Resource Scheduling

Over the years, I have written a number of schedule risk analysis programs, the latest being Full Monte for Microsoft Project. From time to time, I have been asked why they never take resource scheduling into account.

There are actually two problems. The more fundamental one is that there is a mismatch between the assumptions made in resource leveling and those made in risk analysis. Most, if not all, resource-scheduling algorithms do their scheduling in some priority order, which generally favors tasks with less total float. This means that they make decisions on tasks which may be well in the future before they make decisions on earlier tasks, and they do this on the assumption that they know when these tasks will be available for scheduling (i.e. when their predecessors are complete). Risk analysis, on the other hand, is all about the fact that we cannot know this with any certainty.

(Risk+ used to take resources into account, but this was more or less by accident, since it uses the Project engine to do its analysis. For example, Risk+ would sample all the durations and pass them to Project for processing. Projects would simulate resource leveling decisions in the future, based upon these sampled durations, which, in reality, could not be known at the time…which, frankly, makes no sense.)

For doing things like taking a shower, planning seems superfluous. Image courtesy JaseMan @Flickr

The other reason is more practical. The uncertainty over when tasks are available for scheduling means that the order of execution of the tasks can vary considerably (though nonsensically, given the first problem) between iterations. This results in the dates often having multi-modal distributions, and results which are very hard to interpret meaningfully.

I have been contemplating the first of these problems for a while, and have come to the conclusion that the only sensible way to deal with it would be to simulate the decisions that a project manager would make, based only upon the information he would have at the time. The simplest approach would be similar to a job-shop scheduling algorithm, in which the next job for a particular resource would be selected only from those jobs already available. A more sophisticated approach which might be applied to one or two very special resources (e.g. drilling rigs which are expensive and need to be booked well in advance) would be to make decisions based upon appropriate percentiles of when the job would be ready to start.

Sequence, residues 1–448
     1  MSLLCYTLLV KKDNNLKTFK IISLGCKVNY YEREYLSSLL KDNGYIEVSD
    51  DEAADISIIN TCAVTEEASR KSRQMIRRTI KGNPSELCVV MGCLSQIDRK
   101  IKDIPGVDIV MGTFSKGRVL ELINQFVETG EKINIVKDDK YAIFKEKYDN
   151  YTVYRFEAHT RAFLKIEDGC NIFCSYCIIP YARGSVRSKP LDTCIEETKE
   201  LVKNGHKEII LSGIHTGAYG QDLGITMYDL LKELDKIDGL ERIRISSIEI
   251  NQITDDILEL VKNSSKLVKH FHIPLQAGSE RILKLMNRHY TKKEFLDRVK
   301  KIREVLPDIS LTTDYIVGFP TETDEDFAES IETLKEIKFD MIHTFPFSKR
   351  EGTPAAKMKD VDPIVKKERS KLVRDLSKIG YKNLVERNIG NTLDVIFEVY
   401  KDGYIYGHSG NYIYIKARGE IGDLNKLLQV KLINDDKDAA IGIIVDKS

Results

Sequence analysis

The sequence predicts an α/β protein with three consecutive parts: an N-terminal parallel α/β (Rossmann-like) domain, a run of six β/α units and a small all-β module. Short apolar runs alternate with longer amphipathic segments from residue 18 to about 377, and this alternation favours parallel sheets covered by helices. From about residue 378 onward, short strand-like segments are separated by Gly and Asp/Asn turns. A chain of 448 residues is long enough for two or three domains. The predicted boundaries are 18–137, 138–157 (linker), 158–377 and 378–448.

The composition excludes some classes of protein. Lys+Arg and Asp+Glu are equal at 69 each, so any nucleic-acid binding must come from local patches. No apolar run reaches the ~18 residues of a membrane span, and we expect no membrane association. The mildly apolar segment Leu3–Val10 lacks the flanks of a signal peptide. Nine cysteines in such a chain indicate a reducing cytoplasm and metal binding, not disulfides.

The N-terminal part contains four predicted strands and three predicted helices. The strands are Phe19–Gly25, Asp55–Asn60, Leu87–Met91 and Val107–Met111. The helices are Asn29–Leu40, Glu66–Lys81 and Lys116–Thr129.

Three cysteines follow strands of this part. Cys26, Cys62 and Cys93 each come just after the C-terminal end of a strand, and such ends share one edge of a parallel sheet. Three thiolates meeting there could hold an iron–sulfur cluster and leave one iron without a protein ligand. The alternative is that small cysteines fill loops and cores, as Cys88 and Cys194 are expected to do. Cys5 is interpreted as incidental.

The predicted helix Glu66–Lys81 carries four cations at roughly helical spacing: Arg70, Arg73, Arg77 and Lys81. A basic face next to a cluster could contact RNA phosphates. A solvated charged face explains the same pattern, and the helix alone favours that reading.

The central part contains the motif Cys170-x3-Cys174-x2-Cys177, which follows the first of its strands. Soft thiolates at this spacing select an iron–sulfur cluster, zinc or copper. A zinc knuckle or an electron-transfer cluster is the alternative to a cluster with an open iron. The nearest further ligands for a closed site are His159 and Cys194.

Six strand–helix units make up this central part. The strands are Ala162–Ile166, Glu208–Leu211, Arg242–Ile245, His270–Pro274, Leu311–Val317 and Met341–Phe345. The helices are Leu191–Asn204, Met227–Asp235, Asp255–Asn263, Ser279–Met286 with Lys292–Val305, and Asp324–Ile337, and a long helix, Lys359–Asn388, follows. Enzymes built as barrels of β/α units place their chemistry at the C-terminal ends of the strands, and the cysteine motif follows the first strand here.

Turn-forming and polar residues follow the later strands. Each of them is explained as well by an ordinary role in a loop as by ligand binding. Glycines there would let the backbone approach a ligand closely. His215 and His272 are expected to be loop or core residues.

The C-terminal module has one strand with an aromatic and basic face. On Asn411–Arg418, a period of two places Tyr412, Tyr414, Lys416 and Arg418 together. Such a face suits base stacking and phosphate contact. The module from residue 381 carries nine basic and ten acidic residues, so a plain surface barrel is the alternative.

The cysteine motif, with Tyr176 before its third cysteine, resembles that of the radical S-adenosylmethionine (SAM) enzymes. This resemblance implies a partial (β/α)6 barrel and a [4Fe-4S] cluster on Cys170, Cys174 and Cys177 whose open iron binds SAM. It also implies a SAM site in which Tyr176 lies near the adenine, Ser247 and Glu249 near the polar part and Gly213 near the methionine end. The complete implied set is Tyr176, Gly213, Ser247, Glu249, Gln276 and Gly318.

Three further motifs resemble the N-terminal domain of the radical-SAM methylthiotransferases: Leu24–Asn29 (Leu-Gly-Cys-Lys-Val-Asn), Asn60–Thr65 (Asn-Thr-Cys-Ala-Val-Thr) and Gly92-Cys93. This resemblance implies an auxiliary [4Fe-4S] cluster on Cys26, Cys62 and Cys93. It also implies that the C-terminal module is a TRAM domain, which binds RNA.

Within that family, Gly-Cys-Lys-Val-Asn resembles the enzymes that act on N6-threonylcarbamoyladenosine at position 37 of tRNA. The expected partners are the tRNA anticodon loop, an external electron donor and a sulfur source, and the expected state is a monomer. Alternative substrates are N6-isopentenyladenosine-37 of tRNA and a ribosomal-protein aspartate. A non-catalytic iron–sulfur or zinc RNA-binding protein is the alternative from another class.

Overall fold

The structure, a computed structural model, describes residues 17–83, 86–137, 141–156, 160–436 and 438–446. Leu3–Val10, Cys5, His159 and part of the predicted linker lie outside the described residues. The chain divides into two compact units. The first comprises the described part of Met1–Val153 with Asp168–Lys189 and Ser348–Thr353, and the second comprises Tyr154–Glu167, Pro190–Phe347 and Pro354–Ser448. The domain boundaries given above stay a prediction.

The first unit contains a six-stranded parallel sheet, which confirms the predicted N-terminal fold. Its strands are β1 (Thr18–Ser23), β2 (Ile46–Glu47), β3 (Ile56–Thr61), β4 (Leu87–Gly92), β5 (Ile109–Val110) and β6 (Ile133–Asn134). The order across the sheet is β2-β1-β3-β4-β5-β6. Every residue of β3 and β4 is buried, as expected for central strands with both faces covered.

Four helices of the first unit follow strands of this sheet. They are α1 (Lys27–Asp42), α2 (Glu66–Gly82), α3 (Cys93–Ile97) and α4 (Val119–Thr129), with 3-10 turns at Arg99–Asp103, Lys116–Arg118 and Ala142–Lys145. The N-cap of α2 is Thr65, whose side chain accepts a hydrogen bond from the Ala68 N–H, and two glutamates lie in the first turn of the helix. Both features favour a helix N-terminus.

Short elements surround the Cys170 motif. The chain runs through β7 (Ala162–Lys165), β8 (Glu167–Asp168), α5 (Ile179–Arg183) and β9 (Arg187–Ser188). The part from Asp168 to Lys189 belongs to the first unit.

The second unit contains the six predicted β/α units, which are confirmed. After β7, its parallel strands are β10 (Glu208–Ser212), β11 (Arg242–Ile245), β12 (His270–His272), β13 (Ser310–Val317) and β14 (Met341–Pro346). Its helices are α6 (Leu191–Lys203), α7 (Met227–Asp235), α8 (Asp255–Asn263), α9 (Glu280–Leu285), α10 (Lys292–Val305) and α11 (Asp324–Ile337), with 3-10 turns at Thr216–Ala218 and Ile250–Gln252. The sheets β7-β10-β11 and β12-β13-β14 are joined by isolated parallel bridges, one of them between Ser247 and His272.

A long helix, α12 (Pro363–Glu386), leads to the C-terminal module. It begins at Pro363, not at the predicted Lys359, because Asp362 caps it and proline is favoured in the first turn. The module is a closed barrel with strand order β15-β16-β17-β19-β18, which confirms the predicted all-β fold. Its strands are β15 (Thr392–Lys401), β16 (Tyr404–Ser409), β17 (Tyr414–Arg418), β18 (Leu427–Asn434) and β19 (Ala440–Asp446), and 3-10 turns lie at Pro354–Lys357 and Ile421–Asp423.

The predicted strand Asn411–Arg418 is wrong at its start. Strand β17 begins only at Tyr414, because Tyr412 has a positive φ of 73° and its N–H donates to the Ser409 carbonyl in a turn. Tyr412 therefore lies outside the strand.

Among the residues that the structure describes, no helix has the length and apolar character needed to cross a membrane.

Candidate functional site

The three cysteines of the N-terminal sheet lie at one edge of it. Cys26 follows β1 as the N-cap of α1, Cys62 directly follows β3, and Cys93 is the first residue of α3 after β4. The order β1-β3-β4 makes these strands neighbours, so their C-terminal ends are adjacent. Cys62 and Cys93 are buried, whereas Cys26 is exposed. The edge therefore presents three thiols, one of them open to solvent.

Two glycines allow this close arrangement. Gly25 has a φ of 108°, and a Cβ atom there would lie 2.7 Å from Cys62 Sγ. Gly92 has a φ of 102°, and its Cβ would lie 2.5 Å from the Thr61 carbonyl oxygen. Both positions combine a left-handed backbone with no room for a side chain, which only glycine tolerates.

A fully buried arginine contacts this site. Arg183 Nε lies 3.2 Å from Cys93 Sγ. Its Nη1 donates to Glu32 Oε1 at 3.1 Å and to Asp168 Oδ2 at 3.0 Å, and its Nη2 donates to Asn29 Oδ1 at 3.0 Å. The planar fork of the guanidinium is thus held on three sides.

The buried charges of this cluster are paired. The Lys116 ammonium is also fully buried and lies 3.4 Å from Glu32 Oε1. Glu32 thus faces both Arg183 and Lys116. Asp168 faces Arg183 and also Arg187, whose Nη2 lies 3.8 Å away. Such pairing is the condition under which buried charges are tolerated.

While all this would perhaps lead to a more realistic simulation, it would not fulfill the normal “optimization” objective of resource scheduling. But if you believe that task durations are subject to uncertainty, does this optimization really make sense?

I would be very interested to hear readers’ views on this. Comments below are very welcome.

Image courtesy JaseMan @Flickr

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    1. HI, Stephen. No, I am not suggesting that. I was assuming that the resource levels were known but that the circumstances surrounding the scheduling decisions — i.e. which tasks are ready to go — would not be.

      What you suggest might also be possible, but is at least one more step ahead of where we are currently. But I do not see why the processing would be prohibitive; our Full Monte has handled networks of over 50,000 tasks and can do a million iterations on smaller networks in a reasonable time using a regular laptop. (It is between 100 and 1000 times faster than older systems like Risk+.)

      Btw, the recent grounding of Shell’s arctic drilling rig led me to thinking of another issue related to the one at hand. We can simulate the vagaries of the weather, but what we also need to know is the state of knowledge at the time decisions need to be made. In the Shell case the weather forecast was OK but it turned out to be wrong. Even more of a problem, the rig was probably booked a year in advance and is very expensive to keep idle. So, how much do you know when we make the decision to book? Again, simulating this is another step beyond current capabilities.

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